National Study on Finances and Home Buying

There are certain releases of information that people find particularly exciting.  We anticipate their release and wait with bated breath hoping, by some chance, that they might actually release the information earlier than expected.  Things like:

  • Earnings or GDP reports.
  • Netflix new releases.
  • Test results for health issues.
  • Test results for college classes.
  • Amazon delivery dates.
  • And lately, the daily COVID-19 case numbers.

For those of us in the credit counseling world, there is an annual release that we are just as excited about.  Well, at least I am.  See, every year, the National Foundation on Credit Counseling (NFCC) commissions a poll on consumer financial literacy.  Beyond just knowledge, it also tells us where Americans are in savings, spending, and other aspects of their personal finances.

NFCC LogoAfter surveying nearly 1,000 Americans, I found this year’s report found a certain amount of stability.  About the same number of people were saving as were the previous year.  There wasn’t a big change in spending.  And so on.  Don’t get me wrong; I’m definitely in favor of stability over things taking a turn for the worse.

One particular bit of information I keyed in on this year was regarding homeownership.  I’m a huge proponent of the opportunity to own a home.  I love being a homeowner.  I would have it no other way for me.

As I scanned through the key findings of this year’s NFCC study, I was excited to see that 82% of adults have tried to purchase their own homes.  Aside from the personal rewards, we see a lot of positive community impact from homeownership.  This is a good thing.

But as I kept reading, I was disheartened that more than half of those who had tried to purchase their own home had faced barriers to their purchase.  These barriers included little to no credit history and a lack of understanding of the home buying process.

The presence of these barriers is certainly disconcerting.  But what I find even more frustrating is that, in most cases, both of these issues are rather easily addressed.

Lack of Credit History

I often run into people who find it ironic that you have to have debt to have a credit history worthy of obtaining more debt.  Well, that’s actually not quite right.  Good credit history is proof that you are able to maintain your credit and finances in general.  Contrary to popular opinion, this does not necessarily mean that you have to have debt.  You just have to have ACCESS to credit.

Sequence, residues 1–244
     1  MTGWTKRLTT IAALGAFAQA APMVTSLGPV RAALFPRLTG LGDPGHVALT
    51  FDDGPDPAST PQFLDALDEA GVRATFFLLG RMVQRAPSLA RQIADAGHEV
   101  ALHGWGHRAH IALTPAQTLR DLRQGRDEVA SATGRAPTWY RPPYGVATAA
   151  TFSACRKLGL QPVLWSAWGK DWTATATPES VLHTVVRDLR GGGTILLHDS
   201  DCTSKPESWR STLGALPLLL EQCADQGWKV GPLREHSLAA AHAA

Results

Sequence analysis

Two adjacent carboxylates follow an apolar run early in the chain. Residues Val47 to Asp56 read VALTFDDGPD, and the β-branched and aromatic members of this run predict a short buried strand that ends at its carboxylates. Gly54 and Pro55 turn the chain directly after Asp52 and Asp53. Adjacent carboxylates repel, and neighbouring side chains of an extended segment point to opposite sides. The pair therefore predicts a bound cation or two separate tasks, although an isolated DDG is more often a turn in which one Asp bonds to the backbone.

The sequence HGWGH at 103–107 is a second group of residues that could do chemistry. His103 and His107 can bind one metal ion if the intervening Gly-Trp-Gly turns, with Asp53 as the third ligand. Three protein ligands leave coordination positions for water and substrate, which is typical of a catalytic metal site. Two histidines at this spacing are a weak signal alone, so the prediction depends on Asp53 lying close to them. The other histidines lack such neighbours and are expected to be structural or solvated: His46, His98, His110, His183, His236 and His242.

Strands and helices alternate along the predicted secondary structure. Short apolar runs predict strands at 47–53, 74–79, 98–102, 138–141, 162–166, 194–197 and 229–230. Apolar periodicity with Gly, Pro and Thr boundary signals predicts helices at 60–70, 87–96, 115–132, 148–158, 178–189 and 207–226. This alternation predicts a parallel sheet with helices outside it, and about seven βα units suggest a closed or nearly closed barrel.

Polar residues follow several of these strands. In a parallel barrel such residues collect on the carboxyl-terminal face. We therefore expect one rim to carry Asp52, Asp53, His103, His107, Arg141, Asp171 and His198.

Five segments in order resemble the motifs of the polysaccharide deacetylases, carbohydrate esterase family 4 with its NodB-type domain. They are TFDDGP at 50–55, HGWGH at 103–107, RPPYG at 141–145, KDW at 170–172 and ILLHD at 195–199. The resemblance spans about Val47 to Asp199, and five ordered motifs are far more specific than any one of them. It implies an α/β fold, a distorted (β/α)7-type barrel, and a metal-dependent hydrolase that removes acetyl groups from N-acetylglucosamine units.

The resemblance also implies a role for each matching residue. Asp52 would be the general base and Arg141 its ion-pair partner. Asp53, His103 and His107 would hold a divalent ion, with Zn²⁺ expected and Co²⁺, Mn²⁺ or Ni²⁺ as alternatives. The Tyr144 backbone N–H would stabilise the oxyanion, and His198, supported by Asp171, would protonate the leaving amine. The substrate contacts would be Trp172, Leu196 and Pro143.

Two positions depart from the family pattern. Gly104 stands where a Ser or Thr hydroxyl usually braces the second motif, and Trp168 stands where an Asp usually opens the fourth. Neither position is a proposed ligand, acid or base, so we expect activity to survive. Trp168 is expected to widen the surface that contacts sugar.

This can be as simple as having a…..(sharp gasp)……credit card.  Get one without an annual fee.  Pay it off every month or don’t even use it and you won’t pay any interest.  But because you have access to credit, you are building at least basic credit history.

Yes, it really can be that easy to start building a positive credit history and corresponding credit score.

Lack of Knowledge of the Home Buying Process

As easy as I’ve just made it sound to have a credit history, it’s even easier to be educated on the home buying process.  There are a number of places to get an education.

Lenders and Realtors often provide free classes.  These are usually shorter with an element of sales pitch included.

There are online classes, but many of these are general enough to apply to the entire country.  There are enough differences between markets that a more specific class is good.

Then there are the HUD-approved home buyer classes available through non-profit agencies (like us!).  These are free classes that take a holistic look at home purchase and ownership.  We talk about budgeting, credit history and scores, loan types and process, predatory lending, and then work through the purchase process from shopping all the way through closing and maintaining your home after purchase.

Does it make a difference?  Uh….yes.  Aside from people House Closingjust knowing a lot more about the process, we have had people go from terrified of the thought before class to excited to buy after class.

That’s what education does.  The illustration I use is that education turns the lights on for you.  You know what’s out there and what is coming your way.  With that awareness, you are able to more easily and successfully navigate the buying process.

Is education required?  No.  Certainly not in enough circumstances in my opinion anyway.  Is it valuable?  Well, I’ve had lenders and Realtors both learn something by attending our classes.  Yup.  Valuable.

So there you go.  The two biggest barriers to homeownership really are addressable.  In fact, in most cases, I would even say they are usually easy to address.  You just need to reach out and take the initiative.

If you are interested in our Homebuyer Express classes, you can find upcoming classes on our calendar at  You can even begin the registration process through the calendar.  If you would like more specific discussion on your unique situation, our counselors would be happy to talk with you and help you find a plan to accomplish your goals.  You can schedule a pre-purchase appointment either on our website at or by calling us at 605-330-2700.


written by Breck Miller, Community Relations Coordinator
images courtesy

LSS Center for Financial Resources
Consumer Credit Counseling Service | Housing Resources | Sharpen Your Financial Focus| Financial Fitness Education
705 East 41st Street, Suite 100 |Sioux Falls SD 57105-6047
605-330-2700 or 888-258-2227
Strengthening Individuals, Families & Communities

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